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Funeral Reflection for Sister Elizabeth Novy
Funeral Reflection for Sister Elizabeth Novy
~Sister Nicole Kunze, Prioress
December 5, 2020
We gather as a monastic community today to celebrate the life of Sister Elizabeth. We extend our sympathy to Sister Elizabeth’s family and friends joining us through the livestream. We thank all of you for your prayers and support for us.
I am going to adapt a quote attributed to the historian Henry Adams, “A teacher affects eternity: she can never tell where her influence stops.” Sister Elizabeth, as we all know, was a lifelong teacher. Teaching was her first vocation, beginning with having her own one-room country school near Wing after one year of training at Dickinson State College and her career concluded some 67 years later. Becoming a Benedictine Sister was her second vocation and we have Sister Prisca to thank for giving Elizabeth the final bit of encouragement she needed to enter the convent. Sister Elizabeth’s relationship with Sister Prisca began when Elizabeth was a boarding student at St. Mary’s High School and Sister Prisca was the prefect, watching over the boarders and serving as a “mama to us” to use Elizabeth’s description. Elizabeth and Sister Prisca corresponded with each other after Elizabeth graduated from high school and moved onto teaching. Elizabeth said that Sister Prisca would often write in her letters, “Elizabeth, you can do better than that!” in reference to her teaching in one room country schools. Elizabeth proceeded to leave North Dakota for St. Benedict’s Monastery in St. Joseph, Minnesota, after a few years of teaching in country schools.
Eighty years ago, Sister Elizabeth became a student in the school of the Lord’s service when she made her first monastic profession. Her first assignment was to teach at St. Joseph’s School in Dickinson. Four years later, Bishop Ryan of the Diocese of Bismarck started visiting with sisters about volunteering to establish an independent monastery in the diocese. Sister Elizabeth met with Bishop Ryan and told him she was from North Dakota. He replied, “You belong to North Dakota!” She said that helped her make up her mind to become one of the founding sisters of Annunciation Monastery.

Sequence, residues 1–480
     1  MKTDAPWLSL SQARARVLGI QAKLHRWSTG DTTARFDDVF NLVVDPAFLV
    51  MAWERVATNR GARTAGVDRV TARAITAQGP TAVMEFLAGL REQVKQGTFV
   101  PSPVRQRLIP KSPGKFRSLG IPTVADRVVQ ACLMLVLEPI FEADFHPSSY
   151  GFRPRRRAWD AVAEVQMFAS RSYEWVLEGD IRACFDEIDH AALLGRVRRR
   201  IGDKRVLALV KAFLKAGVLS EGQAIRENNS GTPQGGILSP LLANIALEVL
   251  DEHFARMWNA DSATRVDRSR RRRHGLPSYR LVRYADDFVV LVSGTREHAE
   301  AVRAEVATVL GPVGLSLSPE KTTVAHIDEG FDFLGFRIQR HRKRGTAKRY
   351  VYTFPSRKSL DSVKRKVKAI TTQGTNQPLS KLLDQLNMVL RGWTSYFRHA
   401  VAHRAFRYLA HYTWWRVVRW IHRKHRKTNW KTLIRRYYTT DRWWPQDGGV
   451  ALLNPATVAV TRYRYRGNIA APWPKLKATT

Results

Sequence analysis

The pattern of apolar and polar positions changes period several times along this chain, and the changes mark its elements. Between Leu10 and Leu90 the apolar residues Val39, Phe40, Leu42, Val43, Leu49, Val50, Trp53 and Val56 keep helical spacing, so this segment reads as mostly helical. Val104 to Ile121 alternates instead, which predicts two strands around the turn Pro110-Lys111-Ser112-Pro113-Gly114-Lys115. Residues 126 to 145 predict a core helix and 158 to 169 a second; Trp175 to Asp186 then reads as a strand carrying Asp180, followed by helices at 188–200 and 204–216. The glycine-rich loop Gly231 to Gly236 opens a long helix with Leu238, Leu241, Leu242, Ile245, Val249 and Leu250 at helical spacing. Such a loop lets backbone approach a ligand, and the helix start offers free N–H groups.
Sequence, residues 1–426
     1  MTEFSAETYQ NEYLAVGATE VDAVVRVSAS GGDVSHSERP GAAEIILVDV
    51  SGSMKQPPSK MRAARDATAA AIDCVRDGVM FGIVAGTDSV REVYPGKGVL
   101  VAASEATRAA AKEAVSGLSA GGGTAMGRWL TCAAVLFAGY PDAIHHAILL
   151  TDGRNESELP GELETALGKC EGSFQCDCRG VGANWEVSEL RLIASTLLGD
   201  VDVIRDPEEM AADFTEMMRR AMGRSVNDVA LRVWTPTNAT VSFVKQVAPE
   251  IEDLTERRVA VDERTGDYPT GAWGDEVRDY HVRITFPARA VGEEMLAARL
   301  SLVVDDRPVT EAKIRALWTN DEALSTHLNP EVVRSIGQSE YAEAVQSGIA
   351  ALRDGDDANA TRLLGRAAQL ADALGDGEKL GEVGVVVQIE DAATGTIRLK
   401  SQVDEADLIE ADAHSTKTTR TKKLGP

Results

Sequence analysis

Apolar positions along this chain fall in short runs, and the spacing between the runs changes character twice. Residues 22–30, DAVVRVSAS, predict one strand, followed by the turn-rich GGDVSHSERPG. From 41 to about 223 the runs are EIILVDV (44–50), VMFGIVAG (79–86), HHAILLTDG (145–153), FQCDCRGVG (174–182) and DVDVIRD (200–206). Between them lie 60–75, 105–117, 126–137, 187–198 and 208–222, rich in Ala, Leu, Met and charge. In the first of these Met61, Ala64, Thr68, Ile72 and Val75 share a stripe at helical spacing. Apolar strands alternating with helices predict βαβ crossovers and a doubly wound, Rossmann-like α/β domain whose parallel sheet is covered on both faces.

Like many elementary teachers, Sister Elizabeth taught a variety of grades, but we most often refer to her time in the first grade. In her autobiography, she shared her apprehension in becoming a first grade teacher at St. Vincent’s in Mott in 1949. She said her previous experience teaching first grade was not that great. She shared her fears with Mother Decora who encouraged her by saying, “You can do it. Just follow the teacher’s manual.” Those of us who have taught know that it takes a bit more than just following the teacher’s manual. She was grateful for the advice she received from experienced first grade teachers and one could say, the rest is history.
Sister Elizabeth’s influence and effect on students will continue long into the future, probably an eternity as Henry Adams said in the quote. When Elizabeth was still attending events out in the civic community, it was very common to have a former student come up and greet her.
In the Rule, Saint Benedict stresses that the prioress of the community should teach “all that is good and holy more by example than by words” (RB 2: 12) Sister Elizabeth was always teaching us members of her community and others by her example in her quiet, humble way. When I give talks on the Benedictine value of Service to groups at the University of Mary, my example for this value is always Sister Elizabeth and Sister Terence and their teamwork at setting the tables for dinner. Over the age of 100, Sister Elizabeth wanted to be of service to others. I fondly remember Sister Thomas’s story --- One morning, Sister Thomas had breakfast with Sister Elizabeth. As she was getting up from the table, Sister Thomas said to Sister Elizabeth, “Thank you for being such a great model of monastic life.” There was a pause and Sister Elizabeth responded, “Now that I think about it, that is all I’ve got to do today.” Sister Elizabeth, in “just doing” that, being a model of monastic life and living our community’s guiding principles, you taught us the values of prayer, service, community, hospitality, respect, and love.
Thank you, Sister Elizabeth, for sharing your life with all of us. We are grateful for the gift you have been to us. May you now share in the glory of God with the saints in heaven.